Unix scripts

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NOTE: This page is a daughter page of: Unix

A Unix script is a text file of commands that can be executed, like a .bat file in DOS. Unix contains a powerful programming language with loops and variables. You should think about scripts whenever you find yourself doing the same thing (like renaming files) over and over again.

How to Make a Script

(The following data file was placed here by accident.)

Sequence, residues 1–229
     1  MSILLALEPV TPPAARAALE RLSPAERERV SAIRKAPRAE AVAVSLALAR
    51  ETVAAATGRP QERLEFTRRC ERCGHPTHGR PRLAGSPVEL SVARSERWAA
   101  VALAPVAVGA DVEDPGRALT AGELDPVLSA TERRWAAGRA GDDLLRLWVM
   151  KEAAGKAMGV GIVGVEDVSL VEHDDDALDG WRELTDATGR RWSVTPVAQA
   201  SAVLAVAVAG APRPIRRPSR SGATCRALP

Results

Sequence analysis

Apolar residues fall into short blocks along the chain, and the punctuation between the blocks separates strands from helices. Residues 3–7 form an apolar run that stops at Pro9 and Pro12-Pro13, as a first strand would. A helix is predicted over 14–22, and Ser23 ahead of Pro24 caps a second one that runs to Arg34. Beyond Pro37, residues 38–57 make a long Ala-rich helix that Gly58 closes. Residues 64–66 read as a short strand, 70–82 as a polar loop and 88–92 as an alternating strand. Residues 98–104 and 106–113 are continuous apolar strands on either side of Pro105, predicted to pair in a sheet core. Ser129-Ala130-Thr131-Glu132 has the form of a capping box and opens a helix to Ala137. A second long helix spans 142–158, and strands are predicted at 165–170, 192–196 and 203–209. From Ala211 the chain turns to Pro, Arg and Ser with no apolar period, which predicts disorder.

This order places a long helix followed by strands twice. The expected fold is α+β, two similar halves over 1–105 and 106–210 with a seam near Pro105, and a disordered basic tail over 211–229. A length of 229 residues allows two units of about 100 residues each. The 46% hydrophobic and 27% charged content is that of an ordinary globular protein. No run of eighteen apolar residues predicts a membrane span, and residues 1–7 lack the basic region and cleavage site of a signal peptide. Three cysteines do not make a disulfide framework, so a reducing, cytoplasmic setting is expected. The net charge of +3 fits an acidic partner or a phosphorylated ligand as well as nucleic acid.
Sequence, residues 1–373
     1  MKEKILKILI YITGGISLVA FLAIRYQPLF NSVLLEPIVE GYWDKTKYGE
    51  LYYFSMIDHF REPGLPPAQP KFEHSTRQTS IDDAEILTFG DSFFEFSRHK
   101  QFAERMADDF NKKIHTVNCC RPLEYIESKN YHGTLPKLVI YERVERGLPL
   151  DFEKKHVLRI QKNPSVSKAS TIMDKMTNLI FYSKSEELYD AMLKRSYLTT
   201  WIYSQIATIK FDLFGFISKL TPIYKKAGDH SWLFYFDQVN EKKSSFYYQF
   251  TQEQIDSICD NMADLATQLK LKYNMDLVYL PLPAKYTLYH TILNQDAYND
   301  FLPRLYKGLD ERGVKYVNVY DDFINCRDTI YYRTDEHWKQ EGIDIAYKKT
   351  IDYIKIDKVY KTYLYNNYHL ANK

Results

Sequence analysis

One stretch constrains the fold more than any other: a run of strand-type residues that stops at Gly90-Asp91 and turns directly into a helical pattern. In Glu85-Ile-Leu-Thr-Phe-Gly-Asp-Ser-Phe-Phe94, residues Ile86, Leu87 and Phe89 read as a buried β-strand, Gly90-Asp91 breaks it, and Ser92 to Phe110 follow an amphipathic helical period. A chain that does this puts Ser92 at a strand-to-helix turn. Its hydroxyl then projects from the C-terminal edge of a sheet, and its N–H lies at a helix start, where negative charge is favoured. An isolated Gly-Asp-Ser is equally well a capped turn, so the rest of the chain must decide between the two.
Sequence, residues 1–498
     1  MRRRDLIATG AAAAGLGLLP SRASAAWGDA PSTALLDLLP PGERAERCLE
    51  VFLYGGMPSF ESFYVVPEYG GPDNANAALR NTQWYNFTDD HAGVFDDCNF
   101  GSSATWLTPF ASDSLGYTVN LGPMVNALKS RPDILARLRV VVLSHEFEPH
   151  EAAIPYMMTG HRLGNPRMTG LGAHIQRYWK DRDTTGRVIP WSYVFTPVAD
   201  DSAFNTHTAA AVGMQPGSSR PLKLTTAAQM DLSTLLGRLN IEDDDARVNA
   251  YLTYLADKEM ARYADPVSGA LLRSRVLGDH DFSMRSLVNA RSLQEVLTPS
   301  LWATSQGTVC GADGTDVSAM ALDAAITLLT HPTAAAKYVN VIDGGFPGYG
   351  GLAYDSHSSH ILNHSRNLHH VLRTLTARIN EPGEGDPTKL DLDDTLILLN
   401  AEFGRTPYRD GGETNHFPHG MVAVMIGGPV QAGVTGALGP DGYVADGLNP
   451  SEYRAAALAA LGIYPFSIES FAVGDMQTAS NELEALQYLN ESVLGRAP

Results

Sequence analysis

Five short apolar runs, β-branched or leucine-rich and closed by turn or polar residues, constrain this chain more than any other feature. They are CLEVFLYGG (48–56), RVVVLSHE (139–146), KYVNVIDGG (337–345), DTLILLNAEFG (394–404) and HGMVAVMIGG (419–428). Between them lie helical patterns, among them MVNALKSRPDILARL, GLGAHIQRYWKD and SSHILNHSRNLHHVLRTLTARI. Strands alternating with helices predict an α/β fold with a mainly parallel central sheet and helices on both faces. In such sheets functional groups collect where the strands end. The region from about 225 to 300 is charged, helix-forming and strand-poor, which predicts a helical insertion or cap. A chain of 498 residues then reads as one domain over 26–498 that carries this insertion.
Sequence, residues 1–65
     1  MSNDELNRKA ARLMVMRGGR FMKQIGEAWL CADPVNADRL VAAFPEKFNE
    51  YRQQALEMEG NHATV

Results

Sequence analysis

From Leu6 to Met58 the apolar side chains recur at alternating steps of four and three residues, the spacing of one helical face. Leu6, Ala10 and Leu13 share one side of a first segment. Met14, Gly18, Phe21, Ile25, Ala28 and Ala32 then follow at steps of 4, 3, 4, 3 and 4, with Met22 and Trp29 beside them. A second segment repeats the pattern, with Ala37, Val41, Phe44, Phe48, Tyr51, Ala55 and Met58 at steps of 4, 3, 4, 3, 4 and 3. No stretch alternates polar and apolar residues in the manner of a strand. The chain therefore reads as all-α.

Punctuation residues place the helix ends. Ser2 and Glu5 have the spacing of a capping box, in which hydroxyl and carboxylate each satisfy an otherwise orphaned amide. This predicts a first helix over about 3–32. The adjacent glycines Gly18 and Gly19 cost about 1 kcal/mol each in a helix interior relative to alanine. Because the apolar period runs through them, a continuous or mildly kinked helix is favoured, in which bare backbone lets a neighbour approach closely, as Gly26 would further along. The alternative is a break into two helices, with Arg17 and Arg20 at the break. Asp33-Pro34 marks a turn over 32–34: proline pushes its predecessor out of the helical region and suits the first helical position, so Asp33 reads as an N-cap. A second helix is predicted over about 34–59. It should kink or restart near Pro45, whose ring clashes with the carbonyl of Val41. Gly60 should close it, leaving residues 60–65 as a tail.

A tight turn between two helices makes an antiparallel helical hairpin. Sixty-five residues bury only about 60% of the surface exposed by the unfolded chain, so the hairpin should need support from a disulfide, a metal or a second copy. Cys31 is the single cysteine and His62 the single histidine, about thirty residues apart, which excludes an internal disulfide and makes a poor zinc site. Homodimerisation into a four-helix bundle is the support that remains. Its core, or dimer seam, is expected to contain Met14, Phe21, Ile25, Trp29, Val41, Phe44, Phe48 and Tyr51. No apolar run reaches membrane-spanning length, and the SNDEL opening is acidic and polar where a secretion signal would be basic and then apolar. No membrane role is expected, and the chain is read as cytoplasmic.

Here's a useful example which can go through a directory and rename all *.htm files as *.html:

Make a text file (eg with pico) with the following lines. The first line is special. It tells Unix what program or shell should execute the script. Other # lines are comments.

    #! /bin/csh
    # htm2html converts *.htm files to *.html
    foreach f (*.htm)
      set base=`basename $f .htm`
      mv $f $base.html

Save this in your home directory as htm2html (or whatever). Then make it user-executable by typing chmod 700 htm2html. After this a * will appear by the file name when you ls -F, to show that it is executable. Change to a directory with .htm files and type ~/htm2html, and it will do its stuff.

See Also